A lighter take on elections that’s full of Froggy favorites.

FROGGY FOR PRESIDENT!

From the Froggy series

The irrepressible Froggy runs for class president.

Froggy, seeing a poster at school for the class-president election, decides to run. When his teacher, Ms. Witherspoon, asks him what his platform is, he—in the silly humor readers have come to expect from Froggy—hops onto his desk and says, “This is!” After Ms. Witherspoon offers clarification, Froggy aims for more recess and snacks. Meanwhile, Frogilina also decides to run for class president, and her well-thought-out platform addresses issues of a more socially conscious nature. The familiar shticks of Froggy forgetting to put his clothes on, first seen in Froggy Gets Dressed (1992), and Froggy’s mother yelling “Frrooggyy”—seen in nearly all 29 previous Froggy books—are on display here, as is, of course, frequent onomatopoeia as Froggy makes his way through the day. They don’t feel worn, however—they feel like comfortable old friends. Remkiewicz’s brightly colored illustrations make excellent use of a variety of presentations—spots, full-page bleeds, and double-page spreads—and the lively cast of characters that inhabits Froggy-world does double duty as supporting characters and as visual segues to page turns. Other than a final endpaper showing Froggy and Frogilina holding a “Vote” sign, the empowerment aspect of voting isn’t addressed; rather, the story hints at the importance of wise platforms and endorses the idea of working together.

A lighter take on elections that’s full of Froggy favorites. (Picture book. 4-6)

Pub Date: May 12, 2020

ISBN: 978-0-451-47948-8

Page Count: 32

Publisher: Viking

Review Posted Online: Feb. 26, 2020

Kirkus Reviews Issue: March 15, 2020

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THIS BOOK IS GRAY

A gray character tries to write an all-gray book.

The six primary and secondary colors are building a rainbow, each contributing the hue of their own body, and Gray feels forlorn and left out because rainbows contain no gray. So Gray—who, like the other characters, has a solid, triangular body, a doodle-style face, and stick limbs—sets off alone to create “the GRAYest book ever.” His book inside a book shows a peaceful gray cliff house near a gray sea with gentle whitecaps; his three gray characters—hippo, wolf, kitten—wait for their arc to begin. But then the primaries arrive and call the gray scene “dismal, bleak, and gloomy.” The secondaries show up too, and soon everyone’s overrunning Gray’s creation. When Gray refuses to let White and Black participate, astute readers will note the flaw: White and black (the colors) had already been included in the early all-gray spreads. Ironically, Gray’s book within a book displays calm, passable art while the metabook’s unsubtle illustrations and sloppy design make for cramped and crowded pages that are too busy to hold visual focus. The speech-bubble dialogue’s snappy enough (Blue calls people “dude,” and there are puns). A convoluted moral muddles the core artistic question—whether a whole book can be gray—and instead highlights a trite message about working together.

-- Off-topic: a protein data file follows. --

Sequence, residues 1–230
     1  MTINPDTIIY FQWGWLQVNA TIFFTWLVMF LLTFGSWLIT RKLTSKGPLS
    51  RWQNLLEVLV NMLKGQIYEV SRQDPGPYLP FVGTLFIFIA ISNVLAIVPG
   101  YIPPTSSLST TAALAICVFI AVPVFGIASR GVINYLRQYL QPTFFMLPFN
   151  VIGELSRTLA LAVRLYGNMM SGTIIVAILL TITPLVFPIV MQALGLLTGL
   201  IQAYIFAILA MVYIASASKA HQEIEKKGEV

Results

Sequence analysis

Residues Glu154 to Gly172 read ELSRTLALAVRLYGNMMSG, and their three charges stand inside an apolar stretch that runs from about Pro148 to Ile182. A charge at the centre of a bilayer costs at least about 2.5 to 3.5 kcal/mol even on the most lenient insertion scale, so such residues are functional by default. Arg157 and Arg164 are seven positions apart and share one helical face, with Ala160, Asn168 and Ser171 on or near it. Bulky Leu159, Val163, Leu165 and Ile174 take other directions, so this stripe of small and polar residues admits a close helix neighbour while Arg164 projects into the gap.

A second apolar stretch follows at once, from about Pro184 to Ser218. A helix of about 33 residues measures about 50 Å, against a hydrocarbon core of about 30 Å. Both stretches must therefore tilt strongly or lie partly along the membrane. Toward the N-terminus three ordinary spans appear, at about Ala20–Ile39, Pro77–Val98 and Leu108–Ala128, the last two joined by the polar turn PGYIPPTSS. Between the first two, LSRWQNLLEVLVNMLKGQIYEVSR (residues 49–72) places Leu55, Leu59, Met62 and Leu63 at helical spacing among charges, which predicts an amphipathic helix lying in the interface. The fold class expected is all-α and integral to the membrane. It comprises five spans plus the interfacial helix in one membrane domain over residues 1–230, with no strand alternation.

Low grade. (glossary) (Picture book. 4-6)

Pub Date: Dec. 1, 2019

ISBN: 978-1-5420-4340-3

Page Count: 40

Publisher: Two Lions

Review Posted Online: July 23, 2019

Kirkus Reviews Issue: Aug. 15, 2019

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Should be packaged with an oxygen supply, as it will incontestably elicit uncontrollable gales of giggles.

THE DINKY DONKEY

Even more alliterative hanky-panky from the creators of The Wonky Donkey (2010).

Operating on the principle (valid, here) that anything worth doing is worth overdoing, Smith and Cowley give their wildly popular Wonky Donkey a daughter—who, being “cute and small,” was a “dinky donkey”; having “beautiful long eyelashes” she was in consequence a “blinky dinky donkey”; and so on…and on…and on until the cumulative chorus sails past silly and ludicrous to irresistibly hysterical: “She was a stinky funky plinky-plonky winky-tinky,” etc. The repeating “Hee Haw!” chorus hardly suggests what any audience’s escalating response will be. In the illustrations the daughter sports her parent’s big, shiny eyes and winsome grin while posing in a multicolored mohawk next to a rustic boombox (“She was a punky blinky”), painting her hooves pink, crossing her rear legs to signal a need to pee (“winky-tinky inky-pinky”), demonstrating her smelliness with the help of a histrionic hummingbird, and finally cozying up to her proud, evidently single parent (there’s no sign of another) for a closing cuddle.

Should be packaged with an oxygen supply, as it will incontestably elicit uncontrollable gales of giggles. (Picture book. 4-6)

Pub Date: Nov. 5, 2019

ISBN: 978-1-338-60083-4

Page Count: 24

Publisher: Scholastic

Review Posted Online: Oct. 13, 2019

Kirkus Reviews Issue: Nov. 1, 2019

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